I had 2 internships – one while actually in college and one the summer after graduation. The first one was good, but not life changing. The second one came about when I stayed in touch with a startup company that was on campus during the spring career fair. I graduated a few months later, moved back to LA, and got an internship with them! Interning at a startup gave me the freedom to learn a bunch of different things, and be extremely proactive. It also allowed me to realize that marketing and social media and all this nerdy internet stuff really is what I’m interested in. That second internship is definitely what got me here to

3. What do you look for when you hire an intern?

We have been spoiled with the interns that we’ve gotten so far and they’ve set the bar pretty high!. Because we’re a startup, we look for people who can be flexible with their responsibilities and have a positive attitude while doing it, because things move quickly and change even faster. It also is critical that the interns know our site and audience well enough that they can come to us with projects that they’d like to initiate on their own. We also do lots of brainstorming here and we take the opinions of the interns pretty seriously, so they need to be comfortable and creative enough to express their ideas for what they think we should do.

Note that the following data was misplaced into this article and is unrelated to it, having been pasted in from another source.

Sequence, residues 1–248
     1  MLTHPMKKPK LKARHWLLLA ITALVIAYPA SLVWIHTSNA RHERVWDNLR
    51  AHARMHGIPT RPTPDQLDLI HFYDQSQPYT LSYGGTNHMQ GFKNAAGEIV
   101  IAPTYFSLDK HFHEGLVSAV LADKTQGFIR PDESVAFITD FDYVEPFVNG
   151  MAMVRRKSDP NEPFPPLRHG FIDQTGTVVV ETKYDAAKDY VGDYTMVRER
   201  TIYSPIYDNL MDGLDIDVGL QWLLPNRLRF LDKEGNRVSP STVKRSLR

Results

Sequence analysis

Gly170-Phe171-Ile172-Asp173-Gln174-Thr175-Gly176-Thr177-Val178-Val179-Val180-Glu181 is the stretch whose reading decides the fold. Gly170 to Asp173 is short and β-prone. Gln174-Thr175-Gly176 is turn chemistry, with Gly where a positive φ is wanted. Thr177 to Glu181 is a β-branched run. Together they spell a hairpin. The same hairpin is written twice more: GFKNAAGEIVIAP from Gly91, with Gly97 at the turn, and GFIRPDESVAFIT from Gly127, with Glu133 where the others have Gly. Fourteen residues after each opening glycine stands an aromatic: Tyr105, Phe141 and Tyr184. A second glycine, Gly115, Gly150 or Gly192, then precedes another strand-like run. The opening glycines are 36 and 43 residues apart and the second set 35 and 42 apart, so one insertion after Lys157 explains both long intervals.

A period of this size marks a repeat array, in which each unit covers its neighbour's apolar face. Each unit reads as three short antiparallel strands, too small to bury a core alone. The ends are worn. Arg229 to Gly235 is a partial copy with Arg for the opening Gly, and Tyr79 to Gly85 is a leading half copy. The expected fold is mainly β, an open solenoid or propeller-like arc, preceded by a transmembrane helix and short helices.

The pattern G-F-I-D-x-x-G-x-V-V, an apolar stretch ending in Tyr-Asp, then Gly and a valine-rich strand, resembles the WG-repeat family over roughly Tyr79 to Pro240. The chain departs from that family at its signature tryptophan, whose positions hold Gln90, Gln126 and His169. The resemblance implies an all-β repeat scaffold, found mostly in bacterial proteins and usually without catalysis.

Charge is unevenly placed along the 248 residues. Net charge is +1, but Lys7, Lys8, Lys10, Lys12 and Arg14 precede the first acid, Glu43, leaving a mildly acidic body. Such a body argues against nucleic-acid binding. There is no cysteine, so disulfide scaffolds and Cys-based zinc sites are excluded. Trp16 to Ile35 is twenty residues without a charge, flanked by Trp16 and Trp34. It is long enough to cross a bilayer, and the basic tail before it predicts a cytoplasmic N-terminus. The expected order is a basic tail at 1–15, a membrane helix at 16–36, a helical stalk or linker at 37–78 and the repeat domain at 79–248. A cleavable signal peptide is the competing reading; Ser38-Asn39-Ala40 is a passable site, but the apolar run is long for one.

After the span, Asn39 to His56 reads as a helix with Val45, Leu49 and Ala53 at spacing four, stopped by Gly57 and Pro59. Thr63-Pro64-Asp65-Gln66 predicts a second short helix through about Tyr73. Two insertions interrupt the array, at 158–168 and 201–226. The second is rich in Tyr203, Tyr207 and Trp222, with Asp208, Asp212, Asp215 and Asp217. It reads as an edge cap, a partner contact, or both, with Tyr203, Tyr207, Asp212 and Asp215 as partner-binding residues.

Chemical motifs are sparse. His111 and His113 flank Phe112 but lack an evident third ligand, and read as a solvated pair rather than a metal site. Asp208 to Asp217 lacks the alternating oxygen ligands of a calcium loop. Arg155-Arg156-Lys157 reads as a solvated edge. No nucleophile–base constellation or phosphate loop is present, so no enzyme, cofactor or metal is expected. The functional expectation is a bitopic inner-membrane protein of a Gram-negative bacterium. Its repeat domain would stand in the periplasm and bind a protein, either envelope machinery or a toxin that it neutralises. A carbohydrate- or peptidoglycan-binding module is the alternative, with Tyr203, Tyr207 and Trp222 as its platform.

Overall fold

4. What is one main thing an intern can do to make a favorable impression? To make a negative impression?

If they want to make a negative impression then they should have a bad attitude, say things like “well… that’s not how I usually do it…”, and ask daily what they should work on. I try not to give out assignments that I wouldn’t enjoy working on, but sometimes it just has to happen. No complaining please!

Our most favorable interns have all come to us on their own with ideas that we have actually implemented –whether it’s series on our blog, a feature or update on the site, or ways to make our social media and on-campus efforts more effective. Many of these same interns continue working with us on a project basis even after their official internships have ended.

5. What is the future of your industry and what do you think a student can do to position him/herself to start a career in your industry?